A change from penalties to treatment and help

Deputy MLB commissioner for administration and Chief Legal Officer Dan Halem wrote in a prepared statement, “It is our collective hope that this agreement will help raise public awareness on the risks and dangers of opioid medications.”

Players will no longer receive harsh penalties of suspensions and heavy fines if they test positive for opioids, fentanyl, cocaine, or synthetic THC. Instead, they’ll be referred to a treatment board. The new treatment board will include medical professionals, MLB representatives, and players’ union representatives. They will receive a personalized treatment plan if needed. They will only face disciplinary action if they don’t cooperate with their treatment plan.

Drug education is part of MLB’s new drug testing program

Another part of the new drug testing plan created by MLB and the players’ union is an educational program for all players on the dangers of opioid pain medication. Education will also include practical approaches to marijuana.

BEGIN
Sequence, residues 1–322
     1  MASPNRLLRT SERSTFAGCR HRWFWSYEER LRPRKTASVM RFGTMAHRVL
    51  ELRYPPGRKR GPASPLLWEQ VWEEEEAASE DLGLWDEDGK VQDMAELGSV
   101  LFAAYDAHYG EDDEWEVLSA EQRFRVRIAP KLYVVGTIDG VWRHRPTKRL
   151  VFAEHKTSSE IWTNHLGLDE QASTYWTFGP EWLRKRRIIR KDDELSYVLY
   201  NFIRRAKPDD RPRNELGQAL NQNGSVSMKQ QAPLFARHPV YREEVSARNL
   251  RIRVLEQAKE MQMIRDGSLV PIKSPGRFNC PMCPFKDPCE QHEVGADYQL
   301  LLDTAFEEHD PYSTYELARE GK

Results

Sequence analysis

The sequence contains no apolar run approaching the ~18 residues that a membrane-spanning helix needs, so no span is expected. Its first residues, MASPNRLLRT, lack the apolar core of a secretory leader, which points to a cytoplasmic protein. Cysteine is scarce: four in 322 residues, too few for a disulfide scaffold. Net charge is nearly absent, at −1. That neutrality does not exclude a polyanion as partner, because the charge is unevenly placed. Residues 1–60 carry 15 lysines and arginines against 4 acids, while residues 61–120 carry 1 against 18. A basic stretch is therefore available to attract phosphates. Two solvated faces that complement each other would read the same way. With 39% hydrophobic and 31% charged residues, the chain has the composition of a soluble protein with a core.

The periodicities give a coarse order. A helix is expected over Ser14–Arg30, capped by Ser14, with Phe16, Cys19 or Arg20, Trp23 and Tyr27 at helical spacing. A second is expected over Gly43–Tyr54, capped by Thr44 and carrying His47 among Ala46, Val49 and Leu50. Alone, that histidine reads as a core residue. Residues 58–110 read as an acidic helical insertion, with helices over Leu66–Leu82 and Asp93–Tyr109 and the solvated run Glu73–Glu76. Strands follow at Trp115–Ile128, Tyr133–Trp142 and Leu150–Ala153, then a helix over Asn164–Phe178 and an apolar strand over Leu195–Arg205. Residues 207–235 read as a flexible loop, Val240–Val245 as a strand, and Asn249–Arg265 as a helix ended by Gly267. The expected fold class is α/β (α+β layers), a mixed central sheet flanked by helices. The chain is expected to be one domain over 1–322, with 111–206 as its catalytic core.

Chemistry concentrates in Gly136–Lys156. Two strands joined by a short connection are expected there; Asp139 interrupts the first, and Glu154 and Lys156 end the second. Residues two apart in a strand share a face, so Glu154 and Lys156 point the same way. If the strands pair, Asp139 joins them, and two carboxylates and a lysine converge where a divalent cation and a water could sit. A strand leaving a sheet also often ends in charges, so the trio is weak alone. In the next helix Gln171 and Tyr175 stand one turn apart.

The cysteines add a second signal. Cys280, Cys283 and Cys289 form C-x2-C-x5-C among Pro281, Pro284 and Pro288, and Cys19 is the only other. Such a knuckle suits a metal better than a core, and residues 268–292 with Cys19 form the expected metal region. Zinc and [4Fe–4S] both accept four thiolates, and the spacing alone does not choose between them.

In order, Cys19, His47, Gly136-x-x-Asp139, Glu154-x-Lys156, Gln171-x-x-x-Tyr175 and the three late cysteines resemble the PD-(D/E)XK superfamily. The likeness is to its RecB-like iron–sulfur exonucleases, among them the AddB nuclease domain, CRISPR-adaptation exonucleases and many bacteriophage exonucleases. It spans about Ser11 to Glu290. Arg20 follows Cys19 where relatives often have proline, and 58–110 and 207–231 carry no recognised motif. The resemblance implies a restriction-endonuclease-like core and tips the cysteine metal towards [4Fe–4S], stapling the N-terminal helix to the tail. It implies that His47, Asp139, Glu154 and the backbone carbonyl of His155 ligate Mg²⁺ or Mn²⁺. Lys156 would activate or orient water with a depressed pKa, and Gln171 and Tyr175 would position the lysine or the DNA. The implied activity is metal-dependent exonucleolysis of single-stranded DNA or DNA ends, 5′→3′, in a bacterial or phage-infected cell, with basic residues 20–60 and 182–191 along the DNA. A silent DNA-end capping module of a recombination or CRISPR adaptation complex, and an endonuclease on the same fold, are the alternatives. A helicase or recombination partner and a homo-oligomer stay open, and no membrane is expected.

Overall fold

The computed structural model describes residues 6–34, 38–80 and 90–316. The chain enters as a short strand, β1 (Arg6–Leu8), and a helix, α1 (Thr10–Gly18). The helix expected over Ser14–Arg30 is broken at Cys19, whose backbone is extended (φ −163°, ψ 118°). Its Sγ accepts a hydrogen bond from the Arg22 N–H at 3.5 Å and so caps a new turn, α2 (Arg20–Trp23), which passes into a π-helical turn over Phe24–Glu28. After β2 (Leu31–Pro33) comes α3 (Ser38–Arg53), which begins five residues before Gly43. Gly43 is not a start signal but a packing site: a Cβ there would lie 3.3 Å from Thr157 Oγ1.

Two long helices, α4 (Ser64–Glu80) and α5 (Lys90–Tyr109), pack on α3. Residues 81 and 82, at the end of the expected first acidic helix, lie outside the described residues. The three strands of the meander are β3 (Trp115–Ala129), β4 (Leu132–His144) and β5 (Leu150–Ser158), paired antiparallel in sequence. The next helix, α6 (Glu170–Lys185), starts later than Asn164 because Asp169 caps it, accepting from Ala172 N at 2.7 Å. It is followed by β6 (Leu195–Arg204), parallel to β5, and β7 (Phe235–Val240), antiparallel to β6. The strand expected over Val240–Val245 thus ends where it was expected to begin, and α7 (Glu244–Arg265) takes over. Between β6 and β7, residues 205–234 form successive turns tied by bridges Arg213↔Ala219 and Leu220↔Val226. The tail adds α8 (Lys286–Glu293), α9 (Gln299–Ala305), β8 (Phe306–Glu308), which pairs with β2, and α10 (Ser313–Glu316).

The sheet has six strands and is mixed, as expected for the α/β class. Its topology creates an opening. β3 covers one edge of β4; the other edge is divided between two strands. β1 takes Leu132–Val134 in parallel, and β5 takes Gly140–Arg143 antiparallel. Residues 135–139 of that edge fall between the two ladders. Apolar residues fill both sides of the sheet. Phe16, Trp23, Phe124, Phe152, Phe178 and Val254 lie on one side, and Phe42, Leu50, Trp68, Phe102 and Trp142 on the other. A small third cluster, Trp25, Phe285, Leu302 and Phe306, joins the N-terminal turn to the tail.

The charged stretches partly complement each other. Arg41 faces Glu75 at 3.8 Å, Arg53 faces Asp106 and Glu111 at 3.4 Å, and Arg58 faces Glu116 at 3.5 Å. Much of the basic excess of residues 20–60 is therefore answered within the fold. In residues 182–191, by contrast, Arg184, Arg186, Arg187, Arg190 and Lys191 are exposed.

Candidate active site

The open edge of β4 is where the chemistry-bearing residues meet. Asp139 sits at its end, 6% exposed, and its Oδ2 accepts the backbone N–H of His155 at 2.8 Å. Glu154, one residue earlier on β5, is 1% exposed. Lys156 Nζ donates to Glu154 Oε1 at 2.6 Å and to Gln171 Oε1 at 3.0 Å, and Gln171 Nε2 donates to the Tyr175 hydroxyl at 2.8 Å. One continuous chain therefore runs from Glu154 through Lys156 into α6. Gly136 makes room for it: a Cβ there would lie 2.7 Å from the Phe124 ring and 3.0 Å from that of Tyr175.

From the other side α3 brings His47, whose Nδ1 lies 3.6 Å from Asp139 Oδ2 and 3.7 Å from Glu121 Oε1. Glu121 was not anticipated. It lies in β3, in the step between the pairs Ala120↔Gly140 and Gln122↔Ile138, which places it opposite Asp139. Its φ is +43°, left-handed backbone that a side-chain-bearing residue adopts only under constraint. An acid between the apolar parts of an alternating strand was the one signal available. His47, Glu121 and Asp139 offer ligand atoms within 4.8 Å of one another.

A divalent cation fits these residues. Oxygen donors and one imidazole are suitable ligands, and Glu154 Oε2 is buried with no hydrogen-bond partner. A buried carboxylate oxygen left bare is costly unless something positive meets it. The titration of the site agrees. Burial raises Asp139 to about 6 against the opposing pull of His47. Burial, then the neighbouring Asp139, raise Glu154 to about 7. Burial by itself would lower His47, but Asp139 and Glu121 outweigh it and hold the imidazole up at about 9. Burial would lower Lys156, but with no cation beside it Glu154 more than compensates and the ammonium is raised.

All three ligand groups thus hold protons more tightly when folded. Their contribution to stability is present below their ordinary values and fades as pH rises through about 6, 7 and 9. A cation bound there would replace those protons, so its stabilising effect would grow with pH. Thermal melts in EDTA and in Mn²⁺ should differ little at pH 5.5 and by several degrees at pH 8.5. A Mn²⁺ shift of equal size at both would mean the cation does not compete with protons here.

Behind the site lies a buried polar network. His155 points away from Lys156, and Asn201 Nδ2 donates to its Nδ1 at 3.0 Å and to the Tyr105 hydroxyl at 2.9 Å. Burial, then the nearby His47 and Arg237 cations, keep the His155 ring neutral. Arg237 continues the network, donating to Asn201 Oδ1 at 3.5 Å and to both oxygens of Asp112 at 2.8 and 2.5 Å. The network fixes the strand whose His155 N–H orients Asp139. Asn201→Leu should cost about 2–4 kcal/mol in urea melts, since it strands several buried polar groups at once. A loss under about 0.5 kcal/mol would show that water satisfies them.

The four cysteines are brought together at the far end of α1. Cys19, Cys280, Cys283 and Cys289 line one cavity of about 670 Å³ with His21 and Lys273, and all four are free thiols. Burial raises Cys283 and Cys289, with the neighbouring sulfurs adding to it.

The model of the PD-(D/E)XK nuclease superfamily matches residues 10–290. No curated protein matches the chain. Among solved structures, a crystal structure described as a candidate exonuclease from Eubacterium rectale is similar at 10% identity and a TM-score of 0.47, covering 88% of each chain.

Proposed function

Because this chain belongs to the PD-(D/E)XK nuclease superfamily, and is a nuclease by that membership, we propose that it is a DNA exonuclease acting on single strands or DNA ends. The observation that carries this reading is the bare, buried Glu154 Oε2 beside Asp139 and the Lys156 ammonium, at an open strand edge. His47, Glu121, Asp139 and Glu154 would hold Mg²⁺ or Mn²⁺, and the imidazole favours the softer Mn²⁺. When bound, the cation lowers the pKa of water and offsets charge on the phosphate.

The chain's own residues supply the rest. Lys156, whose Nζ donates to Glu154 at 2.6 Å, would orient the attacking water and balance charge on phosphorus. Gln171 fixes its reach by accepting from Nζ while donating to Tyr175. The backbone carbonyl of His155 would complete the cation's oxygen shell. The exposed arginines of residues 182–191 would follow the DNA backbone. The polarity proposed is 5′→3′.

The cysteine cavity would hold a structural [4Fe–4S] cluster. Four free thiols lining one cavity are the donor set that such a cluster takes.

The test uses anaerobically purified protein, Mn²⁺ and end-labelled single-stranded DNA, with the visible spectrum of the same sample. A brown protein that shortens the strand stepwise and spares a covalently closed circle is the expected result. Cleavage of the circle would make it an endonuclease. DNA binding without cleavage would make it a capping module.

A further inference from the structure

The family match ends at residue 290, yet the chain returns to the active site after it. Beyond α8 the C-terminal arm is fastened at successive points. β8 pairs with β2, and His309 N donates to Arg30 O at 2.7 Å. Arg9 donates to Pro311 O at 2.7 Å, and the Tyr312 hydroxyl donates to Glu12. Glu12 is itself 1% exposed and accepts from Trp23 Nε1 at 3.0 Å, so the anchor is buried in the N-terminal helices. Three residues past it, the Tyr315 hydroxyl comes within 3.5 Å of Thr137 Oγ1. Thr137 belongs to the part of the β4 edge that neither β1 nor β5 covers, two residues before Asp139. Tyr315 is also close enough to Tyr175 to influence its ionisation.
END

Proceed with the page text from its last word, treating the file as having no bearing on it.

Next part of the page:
One of the reasons natural cannabinoids were removed from MLB’s drug testing program is the increasing use of CBD products for pain relief. Major and minor league players have been using CBD, a non-intoxicating cannabinoid, and THC as remedies for pain relief and recovery for several years. While CBD should not technically show up on a THC drug test, there is so much at stake for the players and the league that it was removed anyway.

The change in treatment of THC especially impacts minor league players, because they previously risked suspension for a positive marijuana test. Synthetic cannabinoids remain on the testing list because, despite its name, it is a dangerous class of drugs that actually has nothing to do with natural marijuana.

According to players’ union leader Tony Clark:

“Players are overwhelmingly in favor of expanding our testing regimen to include opioids.”

Drug overdoses, largely due to fentanyl and other synthetic opioids, overtook car accidents, HIV/AIDS, and gun deaths as the leading cause of accidental death in 2017.

MLB’s new drug testing policy is a major change. Marijuana use will now be treated in the same way as alcohol use; just as players can enter treatment if they are misusing alcohol, with marijuana they will now have the same option. From now on, the drug tests exclude marijuana, opening the door to the use – and potential abuse – of smoking pot.